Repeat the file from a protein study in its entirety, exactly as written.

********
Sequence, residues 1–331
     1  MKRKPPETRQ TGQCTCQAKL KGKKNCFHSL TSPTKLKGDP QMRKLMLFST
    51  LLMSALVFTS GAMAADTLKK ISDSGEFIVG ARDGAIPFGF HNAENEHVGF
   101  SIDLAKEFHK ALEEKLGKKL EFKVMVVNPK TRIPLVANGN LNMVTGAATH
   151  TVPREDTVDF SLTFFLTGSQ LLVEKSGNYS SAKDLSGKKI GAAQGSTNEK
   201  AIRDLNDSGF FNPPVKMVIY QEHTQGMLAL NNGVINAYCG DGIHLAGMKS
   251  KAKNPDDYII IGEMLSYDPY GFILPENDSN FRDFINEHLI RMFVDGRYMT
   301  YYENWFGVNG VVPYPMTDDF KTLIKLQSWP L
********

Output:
Sequence, residues 1–331
     1  MKRKPPETRQ TGQCTCQAKL KGKKNCFHSL TSPTKLKGDP QMRKLMLFST
    51  LLMSALVFTS GAMAADTLKK ISDSGEFIVG ARDGAIPFGF HNAENEHVGF
   101  SIDLAKEFHK ALEEKLGKKL EFKVMVVNPK TRIPLVANGN LNMVTGAATH
   151  TVPREDTVDF SLTFFLTGSQ LLVEKSGNYS SAKDLSGKKI GAAQGSTNEK
   201  AIRDLNDSGF FNPPVKMVIY QEHTQGMLAL NNGVINAYCG DGIHLAGMKS
   251  KAKNPDDYII IGEMLSYDPY GFILPENDSN FRDFINEHLI RMFVDGRYMT
   301  YYENWFGVNG VVPYPMTDDF KTLIKLQSWP L